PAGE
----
The Germans occupying Paris acted more like tourists than troops. They took photos, bought souvenirs and post cards, and climbed the tower. They especially enjoyed the food. According to folklore, some Germans died of gluttony by eating butter as if it were ice cream, and by devouring omelets made of such things as two dozen eggs.
As a well-trained army, the Wehrmacht treated Parisians well. The slogan was JEIP ("Jeder einmal in Paris" or "everyone should get to see Paris once.") And all Germans did want to see it. Every conceivable branch of the Wehrmacht and every German political organization established its headquarters in Paris; even the occupied Channel Islands were administered from there.
Soon the arrival of the dreaded Gestapo changed everything.
CAUGHT IN THE MIDDLE
Our teachers taught us that the provinces of Alsace and Lorraine go back and forth between France and Germany, depending on which won the most recent war. But we seldom stop and think about the unfortunates who live there. First one side and then the other drafts them. Lothaire Levy, who lived in Metz, liked to tell the story of his two uncles who were German soldiers in World War I and French in World War II.
In between the wars, French authorities arrested the uncles along with other German nationals living in Metz.
After the Germans took France in 1940, they arrested the uncles, who, besides having fought unsuccessfully for the French, were Jewish. But the Germans did at least one thing right: they recognized those Jews who were German veterans of World War I and released them.
VARYING VIEWS OF HITLER
Edgar Vincent d'Abernon was British ambassador to Germany in 1920-26. In his memoirs, An Ambassador of Peace, he mentioned an Austrian politician's unsuccessful coup in 1923. The politician was sent to jail, after which, Lord d'Abernon assured his readers, "he vanished into oblivion." The politician, of course, was Adolf Hitler.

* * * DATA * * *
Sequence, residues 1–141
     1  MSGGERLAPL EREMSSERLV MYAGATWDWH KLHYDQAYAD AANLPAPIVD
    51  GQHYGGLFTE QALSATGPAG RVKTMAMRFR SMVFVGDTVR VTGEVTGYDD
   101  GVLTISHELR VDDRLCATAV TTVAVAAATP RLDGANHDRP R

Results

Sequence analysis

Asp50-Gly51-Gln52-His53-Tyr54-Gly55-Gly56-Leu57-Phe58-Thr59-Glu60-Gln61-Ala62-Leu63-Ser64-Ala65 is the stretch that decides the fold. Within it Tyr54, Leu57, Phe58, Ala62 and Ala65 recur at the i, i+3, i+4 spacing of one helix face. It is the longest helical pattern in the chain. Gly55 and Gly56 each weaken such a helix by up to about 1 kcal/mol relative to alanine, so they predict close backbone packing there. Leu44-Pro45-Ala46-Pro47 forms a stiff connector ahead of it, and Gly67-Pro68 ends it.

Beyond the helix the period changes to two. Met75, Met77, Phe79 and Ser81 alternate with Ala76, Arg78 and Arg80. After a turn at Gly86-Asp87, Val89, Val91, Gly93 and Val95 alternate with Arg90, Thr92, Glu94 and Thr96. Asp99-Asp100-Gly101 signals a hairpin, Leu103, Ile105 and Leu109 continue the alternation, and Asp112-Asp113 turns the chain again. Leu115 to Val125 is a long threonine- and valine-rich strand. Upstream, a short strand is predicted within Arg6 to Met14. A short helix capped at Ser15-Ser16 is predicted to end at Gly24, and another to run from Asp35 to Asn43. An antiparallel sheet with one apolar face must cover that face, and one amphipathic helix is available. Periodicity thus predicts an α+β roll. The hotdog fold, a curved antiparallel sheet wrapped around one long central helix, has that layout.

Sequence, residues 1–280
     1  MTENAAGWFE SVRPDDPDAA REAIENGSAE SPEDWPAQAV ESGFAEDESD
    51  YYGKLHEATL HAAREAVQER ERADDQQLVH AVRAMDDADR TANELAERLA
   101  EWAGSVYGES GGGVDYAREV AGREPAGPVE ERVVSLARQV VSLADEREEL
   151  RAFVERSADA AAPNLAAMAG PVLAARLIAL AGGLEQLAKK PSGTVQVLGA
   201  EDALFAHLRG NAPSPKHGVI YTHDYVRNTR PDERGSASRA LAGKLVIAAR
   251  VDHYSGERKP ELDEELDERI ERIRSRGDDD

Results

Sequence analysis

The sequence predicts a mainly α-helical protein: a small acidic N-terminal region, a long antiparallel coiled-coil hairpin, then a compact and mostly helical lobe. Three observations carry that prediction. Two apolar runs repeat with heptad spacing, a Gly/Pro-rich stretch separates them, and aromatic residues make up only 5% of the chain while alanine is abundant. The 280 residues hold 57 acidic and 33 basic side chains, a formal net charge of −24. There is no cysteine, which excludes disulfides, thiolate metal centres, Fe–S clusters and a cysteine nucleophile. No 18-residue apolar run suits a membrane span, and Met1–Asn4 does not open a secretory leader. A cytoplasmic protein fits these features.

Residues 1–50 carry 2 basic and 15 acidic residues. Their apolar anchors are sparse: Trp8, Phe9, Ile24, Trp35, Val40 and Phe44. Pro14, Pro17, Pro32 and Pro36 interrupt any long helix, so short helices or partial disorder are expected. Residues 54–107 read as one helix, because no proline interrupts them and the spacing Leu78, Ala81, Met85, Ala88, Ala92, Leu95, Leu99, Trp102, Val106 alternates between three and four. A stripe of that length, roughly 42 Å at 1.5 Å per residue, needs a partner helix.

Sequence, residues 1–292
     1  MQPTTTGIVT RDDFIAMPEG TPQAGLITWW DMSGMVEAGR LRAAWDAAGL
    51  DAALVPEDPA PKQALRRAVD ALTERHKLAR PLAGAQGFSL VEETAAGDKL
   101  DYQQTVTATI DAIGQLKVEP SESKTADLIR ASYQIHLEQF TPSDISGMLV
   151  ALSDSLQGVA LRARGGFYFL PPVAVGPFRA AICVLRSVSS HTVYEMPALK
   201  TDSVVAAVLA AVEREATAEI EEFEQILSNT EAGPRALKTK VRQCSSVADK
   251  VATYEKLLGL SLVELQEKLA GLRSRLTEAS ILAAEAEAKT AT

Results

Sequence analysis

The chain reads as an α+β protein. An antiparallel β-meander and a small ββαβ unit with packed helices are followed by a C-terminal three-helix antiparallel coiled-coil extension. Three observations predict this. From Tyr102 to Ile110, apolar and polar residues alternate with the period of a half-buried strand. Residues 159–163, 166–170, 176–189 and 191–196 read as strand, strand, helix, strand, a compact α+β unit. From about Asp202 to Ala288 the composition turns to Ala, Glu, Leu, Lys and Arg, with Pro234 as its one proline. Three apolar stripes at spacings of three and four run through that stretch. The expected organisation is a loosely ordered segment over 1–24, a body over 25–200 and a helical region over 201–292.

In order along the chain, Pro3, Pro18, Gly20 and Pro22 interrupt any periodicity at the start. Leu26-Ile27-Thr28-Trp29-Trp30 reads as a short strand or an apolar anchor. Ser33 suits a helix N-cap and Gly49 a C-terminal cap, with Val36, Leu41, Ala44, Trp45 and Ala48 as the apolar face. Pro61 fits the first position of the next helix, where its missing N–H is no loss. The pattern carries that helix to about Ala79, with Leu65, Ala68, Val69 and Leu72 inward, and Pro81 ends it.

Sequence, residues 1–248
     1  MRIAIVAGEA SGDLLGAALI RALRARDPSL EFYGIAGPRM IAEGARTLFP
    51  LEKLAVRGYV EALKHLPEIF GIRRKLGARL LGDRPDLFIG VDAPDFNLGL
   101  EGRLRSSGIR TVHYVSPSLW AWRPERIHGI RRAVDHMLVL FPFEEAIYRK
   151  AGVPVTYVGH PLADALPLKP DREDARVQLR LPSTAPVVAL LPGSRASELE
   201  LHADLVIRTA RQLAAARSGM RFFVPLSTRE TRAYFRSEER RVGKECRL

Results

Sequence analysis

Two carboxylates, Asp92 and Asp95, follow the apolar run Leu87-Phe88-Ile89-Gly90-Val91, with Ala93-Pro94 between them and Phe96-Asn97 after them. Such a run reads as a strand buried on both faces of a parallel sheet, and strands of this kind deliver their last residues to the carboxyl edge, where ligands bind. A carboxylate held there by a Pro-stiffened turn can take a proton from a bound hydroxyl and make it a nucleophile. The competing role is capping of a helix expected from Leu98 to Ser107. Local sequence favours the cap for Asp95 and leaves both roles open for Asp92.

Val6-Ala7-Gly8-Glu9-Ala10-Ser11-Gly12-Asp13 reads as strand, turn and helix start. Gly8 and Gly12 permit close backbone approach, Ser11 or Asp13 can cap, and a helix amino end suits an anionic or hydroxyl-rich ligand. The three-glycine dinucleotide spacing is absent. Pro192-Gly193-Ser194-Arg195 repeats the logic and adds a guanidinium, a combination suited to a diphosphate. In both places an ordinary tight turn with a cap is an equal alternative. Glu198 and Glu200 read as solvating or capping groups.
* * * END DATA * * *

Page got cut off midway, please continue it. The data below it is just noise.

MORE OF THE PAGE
Hitler was different things to different people.
■ To Time magazine's publisher, Hitler was "man of the year" in 1939.
■ To Paul von Hindenburg, Hitler was an odd duck who might one day be competent enough to run the postal department.
■ To young Egon Hanfstaengl, Hitler was "Uncle Dolf."
■ To niece Geli Raubal, he was "Uncle Alf."
■ To secretary Traudl Junge, he was "Uncle Adi."
Hitler first became politically successful because he was a performer. During a typically wild speech, he lost between four and six pounds.
When Hitler was arrested after the Beer Hall Putsch, little Egon Hanfstaengl screamed: "What are you bad, bad men doing to my Uncle Dolf?" (Hitler's old friend, Putzi Hanfstaengl, was Egon's father. The kids of Hitler’s henchmen loved him.)
Hitler was shy and even likable in private life. He had one terrible habit: he speechified. If anyone struck up a conversation, he'd stop and launch into a speech.
He liked spaghetti. The only meat he'd eat after niece Geli's death was liver pudding.
He lectured all friends and coworkers on the evils of smoking. No one could smoke in his presence. People took breath mints before talking to him. He had a standing offer of a gold watch for any friend or coworker who quit smoking. He made Eva Braun choose between him and cigarettes. He also opposed alcohol and meat although not so vigorously. He disapproved of lipstick, saying it contained unhealthy and disgusting materials--especially Parisian lipstick.
He seldom stayed long in his office. Like many bosses, he'd burst in with much ado, then flee just as rapidly.
He disliked Christmas decorations because his mother died near a Christmas tree.
He liked to go for auto tours with friends, or as Americans of that era said, for "Sunday drives." He could be quite a lively traveling companion. The entertainer in him surfaced. He'd do impersonations of his opponents and he'd whistle Wagner. He knew Wagner's Die Meistersinger by heart. He loved the music of Beethoven, too, and he liked Schumann, Chopin and some Richard Strauss. He didn't like Bach or Mozart.